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I have created a "draft" of a YouTube video to promote our site (see also What should a YouTube video to promote LLSE contain?). It is an instructional video consisting of a screencast. No other editing (title card, copyright/licence) has been done since it is only a draft to give you the opportunity to comment. The video is at https://youtu.be/Gmf-rAyhP4k and currently "unlisted", so only people who have the link can find it. I will later replace it with the final version - based on your comments.

  • After watching the video, I quite like it. It goes from covering the basic StackExchange model to the specifics of our site, and I think it will have success in drawing in new users by posting it on various language learning communities around the Internet. – fi12 Aug 8 '17 at 21:49
  • One suggestion I do have is to create captions for the video to make it more accessible for non-native speakers of English. – fi12 Aug 8 '17 at 21:49
  • @fi12 When the video is ready for public release I will add both captions (aka subtitles for the Deaf and hard of hearing) and subtitles in German and Dutch. (From an accessibility point of view, captions and subtitles are very different things.) – AModHasNoName Aug 9 '17 at 9:58
  • Did you have any further progress on this? I think I will have some spare time during the holidays, and the Ukrainian Language desperately needs a promo, too. So we can work together to share the effort, e.g. make a "standard" screenplay, make each promo video in several base languages, etc. – bytebuster Dec 24 '17 at 2:28
  • @bytebuster I haven't created a new version yet. I need a good microphone and at the moment I only have the one that comes with a headset. I'll have access to a proper microphone again starting 4 January. – AModHasNoName Dec 24 '17 at 17:52
  • @ChristopheStrobbe, if your time permits, could we focus on screenplay then? I can also scan sister SE sites to find any references to their promo videos. Maybe we can learn some ideas about how they do it. – bytebuster Dec 25 '17 at 2:03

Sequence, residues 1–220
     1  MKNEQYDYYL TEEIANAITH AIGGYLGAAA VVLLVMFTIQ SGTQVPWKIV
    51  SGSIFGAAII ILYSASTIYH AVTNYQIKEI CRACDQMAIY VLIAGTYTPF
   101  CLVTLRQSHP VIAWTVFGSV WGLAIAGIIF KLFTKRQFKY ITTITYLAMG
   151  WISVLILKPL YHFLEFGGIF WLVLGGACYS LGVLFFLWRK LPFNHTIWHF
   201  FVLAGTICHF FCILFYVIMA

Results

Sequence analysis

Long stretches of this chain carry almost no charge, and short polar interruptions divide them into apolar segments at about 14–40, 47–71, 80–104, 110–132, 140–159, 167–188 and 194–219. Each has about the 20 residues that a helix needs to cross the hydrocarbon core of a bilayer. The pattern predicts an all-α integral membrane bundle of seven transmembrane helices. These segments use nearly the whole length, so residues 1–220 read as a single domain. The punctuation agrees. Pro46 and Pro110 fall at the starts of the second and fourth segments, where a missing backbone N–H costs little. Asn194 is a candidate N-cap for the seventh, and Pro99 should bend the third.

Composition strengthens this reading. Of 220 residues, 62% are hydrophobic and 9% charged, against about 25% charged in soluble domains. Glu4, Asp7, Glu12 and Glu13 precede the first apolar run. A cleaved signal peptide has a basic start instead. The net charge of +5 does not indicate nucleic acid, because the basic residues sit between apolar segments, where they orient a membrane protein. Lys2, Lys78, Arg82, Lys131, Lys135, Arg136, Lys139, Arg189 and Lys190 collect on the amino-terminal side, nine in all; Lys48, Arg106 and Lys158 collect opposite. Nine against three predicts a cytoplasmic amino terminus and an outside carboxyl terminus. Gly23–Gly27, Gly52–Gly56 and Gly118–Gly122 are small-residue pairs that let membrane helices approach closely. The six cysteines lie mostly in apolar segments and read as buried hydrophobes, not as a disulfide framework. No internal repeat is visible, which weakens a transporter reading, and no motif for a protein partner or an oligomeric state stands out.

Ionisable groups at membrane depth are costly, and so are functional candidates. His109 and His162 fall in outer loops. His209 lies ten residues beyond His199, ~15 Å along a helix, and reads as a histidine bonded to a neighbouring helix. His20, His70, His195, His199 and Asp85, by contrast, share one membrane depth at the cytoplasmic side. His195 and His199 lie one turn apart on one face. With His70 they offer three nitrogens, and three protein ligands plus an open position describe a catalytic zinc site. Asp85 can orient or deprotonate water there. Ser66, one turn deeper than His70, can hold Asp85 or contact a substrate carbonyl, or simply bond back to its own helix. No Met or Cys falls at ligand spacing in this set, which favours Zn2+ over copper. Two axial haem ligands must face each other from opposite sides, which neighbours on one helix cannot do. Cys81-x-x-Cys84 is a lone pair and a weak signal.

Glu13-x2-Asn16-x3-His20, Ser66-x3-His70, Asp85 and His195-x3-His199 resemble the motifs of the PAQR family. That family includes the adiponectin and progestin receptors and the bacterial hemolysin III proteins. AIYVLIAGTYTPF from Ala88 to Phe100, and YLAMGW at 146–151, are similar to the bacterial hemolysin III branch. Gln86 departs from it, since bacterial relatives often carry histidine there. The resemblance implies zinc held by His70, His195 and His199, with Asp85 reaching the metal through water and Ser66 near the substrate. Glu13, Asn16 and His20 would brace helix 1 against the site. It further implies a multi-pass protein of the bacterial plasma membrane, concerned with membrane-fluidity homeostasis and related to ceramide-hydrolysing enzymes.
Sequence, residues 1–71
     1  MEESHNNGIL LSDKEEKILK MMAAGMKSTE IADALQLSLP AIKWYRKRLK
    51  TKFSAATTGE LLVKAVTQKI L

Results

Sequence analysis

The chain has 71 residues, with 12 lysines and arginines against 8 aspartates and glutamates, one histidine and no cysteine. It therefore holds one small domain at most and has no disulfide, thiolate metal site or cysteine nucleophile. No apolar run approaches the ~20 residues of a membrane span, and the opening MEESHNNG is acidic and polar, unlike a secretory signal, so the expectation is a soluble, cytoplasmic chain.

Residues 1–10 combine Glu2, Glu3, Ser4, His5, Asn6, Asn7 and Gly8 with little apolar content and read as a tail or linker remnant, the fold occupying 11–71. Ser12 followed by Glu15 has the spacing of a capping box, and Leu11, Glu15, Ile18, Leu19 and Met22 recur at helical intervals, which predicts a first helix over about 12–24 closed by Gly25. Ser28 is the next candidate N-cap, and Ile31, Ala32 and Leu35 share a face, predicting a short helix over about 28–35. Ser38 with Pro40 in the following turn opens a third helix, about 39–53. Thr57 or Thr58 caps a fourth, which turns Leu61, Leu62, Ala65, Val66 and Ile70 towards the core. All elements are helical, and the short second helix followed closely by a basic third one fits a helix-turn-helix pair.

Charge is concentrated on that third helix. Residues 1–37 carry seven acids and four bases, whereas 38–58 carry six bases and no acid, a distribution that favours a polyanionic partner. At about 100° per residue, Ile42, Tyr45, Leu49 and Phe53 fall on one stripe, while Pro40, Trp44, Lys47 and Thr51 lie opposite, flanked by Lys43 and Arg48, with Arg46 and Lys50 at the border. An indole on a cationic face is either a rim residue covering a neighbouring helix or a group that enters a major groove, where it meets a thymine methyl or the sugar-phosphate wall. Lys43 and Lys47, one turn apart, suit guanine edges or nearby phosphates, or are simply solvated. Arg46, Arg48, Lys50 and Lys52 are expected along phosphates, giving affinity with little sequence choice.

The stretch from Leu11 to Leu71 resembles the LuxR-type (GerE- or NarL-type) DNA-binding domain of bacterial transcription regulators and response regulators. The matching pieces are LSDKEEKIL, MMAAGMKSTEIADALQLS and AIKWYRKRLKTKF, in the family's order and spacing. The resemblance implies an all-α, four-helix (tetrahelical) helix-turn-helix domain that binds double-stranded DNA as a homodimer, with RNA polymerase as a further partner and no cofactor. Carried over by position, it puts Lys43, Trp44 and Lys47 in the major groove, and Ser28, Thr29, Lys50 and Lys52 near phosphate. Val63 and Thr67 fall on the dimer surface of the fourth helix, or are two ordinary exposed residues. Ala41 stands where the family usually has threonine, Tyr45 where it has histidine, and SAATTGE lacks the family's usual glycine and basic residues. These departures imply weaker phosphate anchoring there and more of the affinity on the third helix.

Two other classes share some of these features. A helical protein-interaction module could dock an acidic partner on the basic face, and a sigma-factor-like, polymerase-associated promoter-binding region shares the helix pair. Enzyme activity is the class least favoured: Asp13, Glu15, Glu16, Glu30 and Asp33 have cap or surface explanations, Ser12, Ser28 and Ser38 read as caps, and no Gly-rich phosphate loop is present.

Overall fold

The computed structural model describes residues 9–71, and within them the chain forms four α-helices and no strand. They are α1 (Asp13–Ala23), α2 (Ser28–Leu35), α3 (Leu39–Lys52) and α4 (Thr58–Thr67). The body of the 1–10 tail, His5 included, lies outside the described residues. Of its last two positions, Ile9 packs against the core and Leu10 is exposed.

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Good job, thanks for sharing it! This video really looks helpful.

I have several thoughts when watching it; it may or may not be sound, totally up to your consideration:

  1. This video is mostly about the SE engine, not about the LL.SE; it would be fine if it were one of a series, but this video alone may not be self-sustainable enough for a newbie;
  2. IMO, this video can be improved by focusing on the direct user's needs. Imagine a language learner who randomly found this video on YouTube. This person has their own problems while learning. It may be a good idea not to focus on SE engine, reputation etc., but instead follow a "user story", something like:

    John is a {L1} speaker who learns {specific L2}. During the course of their study, John faces the problem of [...].
    John goes to a search engine and finds a link to LL.SE where a similar question was asked {now show up the question, rep points, etc}.
    Then, John navigates the site to find for a better match for their needs {show navigation controls}
    John then sees that the existing question does not completely satisfy John's needs. {now show how to ask a new question}
    etc.

    The above is also important from the point of searchability, e.g. the more precisely it matches the possible users' searches on Google the more hits will it receive.

  3. Please turn on some "smooth scrolling" in your browser; I didn't always follow when it scrolled fast :-)

  4. Having a written script would make the video more compact and dynamic; I'd say one can easily save 20% of screen time without losing any content.

  • These are great ideas. – fi12 Aug 9 '17 at 12:59
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Good job, I like it!

In addition to @bytebuster's comments, I'd like to mention a few tips for screencasts:

  1. In Google Chrome, you can create a new profile for temporary use (or use guest mode) and that will hide your bookmarks and extensions. This will remove potential distractions. (If advertisements show, you can still enable adblock or whatnot, but just right-click on the icon and select "Hide in Chrome menu".)
  2. Since this video is intended to be promotional (at least in part), consider shortening it a little. 6:52 is a little on the long side; for promotional videos (e.g. trailers) 3-4 minutes is usually the max. Try adding stimulating/interesting questions or a story (like bytebuster suggested).

    See:

On the other hand, if this video is not intended to be promotional, but rather instructional, I think the length is probably fine, but make sure to cover how one asks and answers a question as well.

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